Published: Sat, March 16, 2019
IT | By Lester Massey

US judge: Qualcomm owes Apple $1 billion

US judge: Qualcomm owes Apple $1 billion

A federal jury in San Diego awarded Qualcomm $31 million in damages Friday as part of an ongoing series of patent infringement suits against Apple, which Qualcomm alleges used the company's technologies in its iPhones without paying for their use. Apple is likely to appeal.

Qualcomm has accused Apple of using its technology without paying. "The stakes in that case are higher: the dollar amounts are staggering, and it goes to the core of Qualcomm's business model".

'Qualcomm's ongoing campaign of patent infringement claims is nothing more than an attempt to distract from the larger issues they face with investigations into their business practices in USA federal court, and around the world, ' Apple said. "While we are disappointed with the outcome, we thank the jury for their service in this case".

The rebates in dispute stem from an unorthodox arrangement between the two companies. The damages date back to July 6, 2017, when Qualcomm filed its lawsuit, and covers technology used in the iPhone 7, iPhone 7 Plus, iPhone 8, iPhone 8 Plus and iPhone X.

But anorther legal decision involving Qualcomm and Apple was announced today. USA courts have been unwilling to order outright sales bans and favor financial remedies. Don Rosenberg, executive vice president and general counsel of Qualcomm said that "Apple has already offset the payment at issue under the agreement against royalties that were owed to Qualcomm". "The three patents found to be infringed in this case represent just a small fraction of Qualcomm's valuable portfolio of tens of thousands of patents". About 1.4 billion smartphones were sold previous year, according to IDC. The judge sided with Apple in this issue, ordering Qualcomm to pay the $1 billion it owed.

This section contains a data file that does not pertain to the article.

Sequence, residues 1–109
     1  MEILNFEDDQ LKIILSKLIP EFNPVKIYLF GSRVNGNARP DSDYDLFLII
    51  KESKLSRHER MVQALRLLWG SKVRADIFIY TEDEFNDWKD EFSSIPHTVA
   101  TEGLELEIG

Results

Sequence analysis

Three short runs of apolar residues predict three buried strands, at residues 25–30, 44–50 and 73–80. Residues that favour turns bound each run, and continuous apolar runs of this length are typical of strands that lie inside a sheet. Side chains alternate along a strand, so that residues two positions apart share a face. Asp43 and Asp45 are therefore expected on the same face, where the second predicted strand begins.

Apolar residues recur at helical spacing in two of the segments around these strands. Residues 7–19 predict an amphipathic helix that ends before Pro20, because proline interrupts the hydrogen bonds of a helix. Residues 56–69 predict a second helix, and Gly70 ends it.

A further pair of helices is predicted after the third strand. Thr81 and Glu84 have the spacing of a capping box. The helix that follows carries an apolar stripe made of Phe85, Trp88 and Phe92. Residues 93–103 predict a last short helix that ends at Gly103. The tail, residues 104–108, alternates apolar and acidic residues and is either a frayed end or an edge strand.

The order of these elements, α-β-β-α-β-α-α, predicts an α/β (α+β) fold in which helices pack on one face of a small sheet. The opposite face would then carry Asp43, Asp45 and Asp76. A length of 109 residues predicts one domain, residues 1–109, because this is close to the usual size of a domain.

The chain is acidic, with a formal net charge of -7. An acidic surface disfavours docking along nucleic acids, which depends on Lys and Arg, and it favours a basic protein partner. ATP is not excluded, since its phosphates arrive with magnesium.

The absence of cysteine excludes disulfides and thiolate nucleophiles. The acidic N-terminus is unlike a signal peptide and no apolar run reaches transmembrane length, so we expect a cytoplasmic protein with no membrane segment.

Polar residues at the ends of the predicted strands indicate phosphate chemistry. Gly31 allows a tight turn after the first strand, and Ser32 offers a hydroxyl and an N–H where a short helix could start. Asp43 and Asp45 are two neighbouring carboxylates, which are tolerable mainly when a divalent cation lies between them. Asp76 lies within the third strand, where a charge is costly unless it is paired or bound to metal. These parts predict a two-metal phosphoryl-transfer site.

It seems as though Apple and Qualcomm never stop sparring, with the latest development in years-long disputes between the companies being a preliminary victory for Apple.

While the agreement worked for several years, Qualcomm made a decision to stop paying Apple when it found that the company was making "false and misleading" statements to the Korean Fair Trade Commission, which was investigating Qualcomm at the time over antitrust violations.

Apple has switched to using Intel Inc. chips in its phones.

San Diego-based Qualcomm hailed the verdict as a validation of its technology's importance to iPhones. The trial concluded in San Jose, California, earlier this year, but the judge still hasn't ruled.

Apple then filed the lawsuit stating Qualcomm had missed rebate payments, which amounted to almost $1 billion.

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